My basic feeling is really "someone was bound to" and it's pretty much just luck and circumstances that made it the Wrights. If the Japanese military had been a bit more generous man's first powered flight may even have taken place in Japan (10 years before the Wright Bros. flight). But they weren't and so it didn't.
Old 03-19-2013, 06:37 AM
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Default RE: Wrights Wrong? What do you think?


ORIGINAL: abufletcher

My basic feeling is really ''someone was bound to'' and it's pretty much just luck and circumstances that made it the Wrights. If the Japanese military had been a bit more generous man's first powered flight may even have taken place in Japan (10 years before the Wright Bros. flight). But they weren't and so it didn't.
Exactly, and in history of science, once a team makes a breakthrough on something, you find out that, unknowingly somebody else was doing the same research, and they were close to get the same results. Nowadays, with the instant gobal communications, teams can actually know what other teams are doing (unless of course the subject is secret for one of many reasons).

"If a tree falls in a forest and no one is around to hear it, does it make a sound?" comes to my mind. If somebody did do a deed, but there is no proof, the deed did not exist:-)

A couple of year back, I was a Rhinebeck (NY) looking at some of the very very old airplanes, and my in-law said: These people really, reallly, really, wanted to fly... And yes, some humans really wanted to fly and some tried their best to do. Some succeeded earlier than others.

Gerardo
Old 03-19-2013, 07:04 AM
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Default RE: Wrights Wrong? What do you think?

There are several instances where contemporary reports on Whitehead's achievements referred to photos of the machine in flight being displayed. Apparently, they were present in the local hardware store window, but were lost.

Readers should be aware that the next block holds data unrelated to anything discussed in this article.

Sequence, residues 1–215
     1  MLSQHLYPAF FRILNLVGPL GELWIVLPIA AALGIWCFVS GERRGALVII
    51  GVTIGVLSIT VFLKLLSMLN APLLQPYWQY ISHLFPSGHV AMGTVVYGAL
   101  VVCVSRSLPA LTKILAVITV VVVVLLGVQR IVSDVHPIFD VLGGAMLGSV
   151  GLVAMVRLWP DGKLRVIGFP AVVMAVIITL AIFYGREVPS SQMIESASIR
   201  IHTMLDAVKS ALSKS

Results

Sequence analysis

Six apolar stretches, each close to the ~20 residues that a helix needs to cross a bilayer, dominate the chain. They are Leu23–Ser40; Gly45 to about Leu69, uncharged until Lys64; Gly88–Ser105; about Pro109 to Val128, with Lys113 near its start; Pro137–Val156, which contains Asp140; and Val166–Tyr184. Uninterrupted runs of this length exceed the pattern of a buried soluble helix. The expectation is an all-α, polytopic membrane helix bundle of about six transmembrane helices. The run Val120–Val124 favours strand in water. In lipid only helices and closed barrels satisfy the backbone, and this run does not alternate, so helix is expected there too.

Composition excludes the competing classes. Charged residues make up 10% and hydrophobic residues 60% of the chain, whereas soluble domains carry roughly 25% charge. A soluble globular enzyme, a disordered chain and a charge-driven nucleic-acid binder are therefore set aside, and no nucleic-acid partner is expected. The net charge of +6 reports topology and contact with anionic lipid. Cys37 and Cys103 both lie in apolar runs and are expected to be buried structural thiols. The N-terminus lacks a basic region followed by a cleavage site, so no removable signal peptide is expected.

I personally believe that he was successful, based on the publicity (at least  locally) that he received, and photos of his aircraft, which all look quite remarkable and flyable. This doesn't take away from the Wright's achievements, but I believe that the development of aircraft has been a long evolution, certainly not limited to a specific "breakthrough" at one point. Hence, the "first flight" moniker is quite irrelevant. 

Graeme 




(Lets be honest, though - that would make a sweet model!)


Old 03-19-2013, 08:20 AM
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Default RE: Wrights Wrong? What do you think?

One of the long standing issues has been the relationship between the Wrights and the Smithsonian. After spending a fortune sponsoring Samuel Langley to build the failed Aerodrome, the Smithsonian fought for years with the Wrights over the title of "first flight". The Smithsonian had on display the Aerodrome, but had incorrectly labeled as the first successful powered aircraft, which of course (and they knew it) was a complete falsehood. The Wrights, meanwhile, had the Flyer displayed in England, and refused to allow the Smithsonian the aircraft unless they supported the claim that anyone flew before themselves. The Agreement is below:

 "Neither the Smithsonian Institution or its successors, nor any museum or other agency, bureau or facilities administered for the United States of America by the Smithsonian Institution or its successors shall publish or permit to be displayed a statement or label in connection with or in respect of any aircraft model or design of earlier date than the 1903 Wright Aeroplane, claiming in effect that such aircraft was capable of carrying a man under its own power in controlled flight."